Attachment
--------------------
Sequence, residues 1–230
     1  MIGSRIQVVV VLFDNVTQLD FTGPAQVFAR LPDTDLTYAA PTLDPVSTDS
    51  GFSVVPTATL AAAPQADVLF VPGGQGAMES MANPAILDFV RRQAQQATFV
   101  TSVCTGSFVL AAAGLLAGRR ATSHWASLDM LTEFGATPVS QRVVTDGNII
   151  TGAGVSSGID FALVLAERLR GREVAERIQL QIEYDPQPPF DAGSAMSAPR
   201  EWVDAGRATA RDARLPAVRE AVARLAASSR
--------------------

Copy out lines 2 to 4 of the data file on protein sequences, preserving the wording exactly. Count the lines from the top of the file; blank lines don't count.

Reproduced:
     1  MIGSRIQVVV VLFDNVTQLD FTGPAQVFAR LPDTDLTYAA PTLDPVSTDS
    51  GFSVVPTATL AAAPQADVLF VPGGQGAMES MANPAILDFV RRQAQQATFV
   101  TSVCTGSFVL AAAGLLAGRR ATSHWASLDM LTEFGATPVS QRVVTDGNII